The sub-committee would comprise of J&K’s chief secretary, home secretary and CEO of SASB. The sub-committee has been given liberty to consult or obtain opinion from any expert body and has an authority to bring it to the notice of the court if any official fails to render required help.
For the convenience of the Amarnath yatris, the SC has ordered to provide a separate one-way passage for palkis and horses as one unit and the pedestrians as the other. It is also mentioned in the verdict that pre-fabricated ‘walking path/matting’ should be provided. All other tracks from various other points, like Baltal, Panchtarni and Chandanvadi may be covered either by pre-fabricated rough cement tiles or such other material. This, the SC says, is in view of the most appropriate benefit of the pilgrims.
The court has also ordered that shelters should be constructed on the passage/walking paths at regular intervals. “Temporary/pre-fabricated shelters should be provided near the holy cave where large number of people has to wait for having a glance of the shivlingam. The existing grill should be replaced by 100 per cent transparent fibre to ensure there is no visual obstruction for the pilgrims,” the SC observed.
“In the alternative, the iron grills, as installed can be permitted, but the gaps between the parallel bars, which are perpendicular to the earth, should not be less than 12 inches, as they would help in giving a clear visual darshan of the shivlingam and the shiv parivar,” it maintains.
The court has directed the state to construct STPs at all the places, particularly at Baltal. “Clearance for that purpose shall be granted by all the concerned departments expeditiously and in accordance with law. Availability of pre-fabricated toilets and tents must be ensured to raise the standard of the Amarnath pilgrimage.”
Talking about the number of the yatris visiting the cave the SC has given full authority to the SASB to determine their number. “SASB will continue to determine, from year to year, the maximum number of the pilgrims to be allowed to embark on the tracks, after taking into consideration the weather condition and forecasts, track conditions, infrastructure available in the enroute camps and at the holy cave.”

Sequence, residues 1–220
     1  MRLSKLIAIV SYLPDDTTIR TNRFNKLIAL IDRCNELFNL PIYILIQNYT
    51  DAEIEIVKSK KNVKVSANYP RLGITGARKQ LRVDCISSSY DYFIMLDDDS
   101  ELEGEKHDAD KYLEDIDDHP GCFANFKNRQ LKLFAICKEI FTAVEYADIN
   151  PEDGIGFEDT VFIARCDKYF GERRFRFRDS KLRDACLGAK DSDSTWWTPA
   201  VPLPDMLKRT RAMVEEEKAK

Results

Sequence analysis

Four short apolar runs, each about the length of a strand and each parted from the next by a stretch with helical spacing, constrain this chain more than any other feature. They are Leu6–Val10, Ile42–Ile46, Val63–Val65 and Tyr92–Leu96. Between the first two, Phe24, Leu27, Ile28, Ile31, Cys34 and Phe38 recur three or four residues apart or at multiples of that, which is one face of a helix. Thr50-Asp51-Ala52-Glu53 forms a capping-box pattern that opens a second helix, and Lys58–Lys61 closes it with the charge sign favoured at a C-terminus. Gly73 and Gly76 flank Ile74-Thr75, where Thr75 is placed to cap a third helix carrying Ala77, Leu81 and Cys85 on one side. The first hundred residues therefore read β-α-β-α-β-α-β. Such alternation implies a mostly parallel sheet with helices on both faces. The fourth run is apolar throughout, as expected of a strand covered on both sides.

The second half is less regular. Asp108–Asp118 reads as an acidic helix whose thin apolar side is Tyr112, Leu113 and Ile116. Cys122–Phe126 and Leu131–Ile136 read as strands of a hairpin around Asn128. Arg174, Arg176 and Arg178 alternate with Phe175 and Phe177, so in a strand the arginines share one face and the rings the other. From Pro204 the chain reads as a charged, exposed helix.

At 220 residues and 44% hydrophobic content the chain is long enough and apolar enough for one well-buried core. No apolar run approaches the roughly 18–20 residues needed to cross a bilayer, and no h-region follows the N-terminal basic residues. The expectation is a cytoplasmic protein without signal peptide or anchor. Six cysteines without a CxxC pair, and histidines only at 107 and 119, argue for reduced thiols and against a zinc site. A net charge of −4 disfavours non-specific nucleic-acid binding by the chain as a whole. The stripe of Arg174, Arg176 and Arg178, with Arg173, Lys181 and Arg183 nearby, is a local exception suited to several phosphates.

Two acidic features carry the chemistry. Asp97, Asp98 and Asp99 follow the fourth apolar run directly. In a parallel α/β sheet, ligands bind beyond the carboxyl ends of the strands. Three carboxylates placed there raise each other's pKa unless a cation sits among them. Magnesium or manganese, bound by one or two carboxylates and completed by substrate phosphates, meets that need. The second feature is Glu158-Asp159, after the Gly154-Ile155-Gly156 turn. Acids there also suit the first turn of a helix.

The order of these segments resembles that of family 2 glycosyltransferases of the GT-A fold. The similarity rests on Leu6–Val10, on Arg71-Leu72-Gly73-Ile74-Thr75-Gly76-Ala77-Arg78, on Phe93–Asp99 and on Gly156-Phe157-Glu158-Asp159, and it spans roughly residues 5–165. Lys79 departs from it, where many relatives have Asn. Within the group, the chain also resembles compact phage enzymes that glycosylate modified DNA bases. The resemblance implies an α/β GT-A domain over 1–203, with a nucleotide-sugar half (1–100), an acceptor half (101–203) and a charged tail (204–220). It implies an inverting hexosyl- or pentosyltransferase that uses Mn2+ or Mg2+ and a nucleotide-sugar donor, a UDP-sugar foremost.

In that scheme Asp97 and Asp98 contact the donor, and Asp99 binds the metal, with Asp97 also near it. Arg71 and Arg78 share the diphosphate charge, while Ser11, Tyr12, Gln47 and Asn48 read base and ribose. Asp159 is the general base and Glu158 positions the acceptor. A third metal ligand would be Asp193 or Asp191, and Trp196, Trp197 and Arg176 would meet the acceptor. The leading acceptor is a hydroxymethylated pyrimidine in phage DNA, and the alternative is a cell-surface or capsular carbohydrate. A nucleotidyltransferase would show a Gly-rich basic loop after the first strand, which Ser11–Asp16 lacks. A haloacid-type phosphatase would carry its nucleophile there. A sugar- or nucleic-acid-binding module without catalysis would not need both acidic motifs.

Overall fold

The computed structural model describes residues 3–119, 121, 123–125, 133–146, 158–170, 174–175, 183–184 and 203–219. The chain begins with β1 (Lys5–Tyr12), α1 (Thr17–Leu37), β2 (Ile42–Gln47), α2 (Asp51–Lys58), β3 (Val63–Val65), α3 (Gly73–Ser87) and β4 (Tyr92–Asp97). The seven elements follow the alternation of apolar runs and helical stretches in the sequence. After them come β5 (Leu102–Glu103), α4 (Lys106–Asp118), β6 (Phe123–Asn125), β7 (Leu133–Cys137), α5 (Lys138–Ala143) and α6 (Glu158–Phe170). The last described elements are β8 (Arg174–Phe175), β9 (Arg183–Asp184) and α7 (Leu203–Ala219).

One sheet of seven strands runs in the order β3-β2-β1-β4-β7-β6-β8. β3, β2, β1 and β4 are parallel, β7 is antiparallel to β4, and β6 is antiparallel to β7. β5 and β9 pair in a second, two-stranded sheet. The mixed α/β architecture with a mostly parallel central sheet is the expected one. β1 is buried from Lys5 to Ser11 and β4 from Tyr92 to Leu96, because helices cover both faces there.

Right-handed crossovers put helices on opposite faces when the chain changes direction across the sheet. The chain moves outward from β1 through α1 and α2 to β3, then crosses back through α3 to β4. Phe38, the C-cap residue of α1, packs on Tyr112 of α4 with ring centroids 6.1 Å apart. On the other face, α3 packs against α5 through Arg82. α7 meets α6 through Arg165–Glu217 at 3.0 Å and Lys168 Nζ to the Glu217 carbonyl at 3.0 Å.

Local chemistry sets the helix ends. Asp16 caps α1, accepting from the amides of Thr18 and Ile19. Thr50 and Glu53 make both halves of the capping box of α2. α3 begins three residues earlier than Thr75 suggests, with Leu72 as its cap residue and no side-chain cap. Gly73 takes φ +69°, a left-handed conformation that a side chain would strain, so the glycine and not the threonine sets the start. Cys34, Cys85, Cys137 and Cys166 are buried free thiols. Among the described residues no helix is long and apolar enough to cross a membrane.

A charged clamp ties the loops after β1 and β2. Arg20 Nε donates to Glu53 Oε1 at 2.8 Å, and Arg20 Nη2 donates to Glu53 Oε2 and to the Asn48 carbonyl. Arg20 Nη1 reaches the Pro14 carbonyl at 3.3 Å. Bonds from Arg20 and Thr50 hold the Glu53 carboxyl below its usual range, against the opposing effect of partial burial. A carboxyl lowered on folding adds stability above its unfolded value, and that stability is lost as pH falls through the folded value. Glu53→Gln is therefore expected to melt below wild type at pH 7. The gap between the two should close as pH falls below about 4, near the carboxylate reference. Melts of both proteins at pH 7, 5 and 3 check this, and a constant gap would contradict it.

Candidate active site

Besides, lack of medical facilities and limitations of the officers of the forces deployed in the areas were highlighted in the SHPC report. From next year onwards, medical teams would be asked to be present at every 2 km along the track of Amarnath Yatra. Chief secretary of every state has been asked to identify the hospitals and their medical officers who will be issuing free of cost health certificates to yatris. These doctors from different states would be deputed during the period of yatra in J&K to ensure standard health care to the pilgrims.
The SC has also asked the J&K government to give the requisition of doctors and their areas of specialization to different states. The court also directed the state and SASB to provide infrastructure, equipment, medicines and all other ancillary items to the medical teams to ensure adequate treatment to the pilgrims without any loss of time. Largest number of medical teams will be deputed at the glacier and the passage near the holy cave.
Further, the state government has been asked to take care of the lodging and boarding to doctors on ‘temporary duty’ and ensure that they are not put to any inconvenience. The court has made it clear that any officer of any state irrespective of his position in the state hierarchy will personally be held responsible and proceeded against in the event of default and/or violation of court directions/recommendations of SHPC.
The court observed that all these changes should be implemented keeping in view the fragile environment of the place.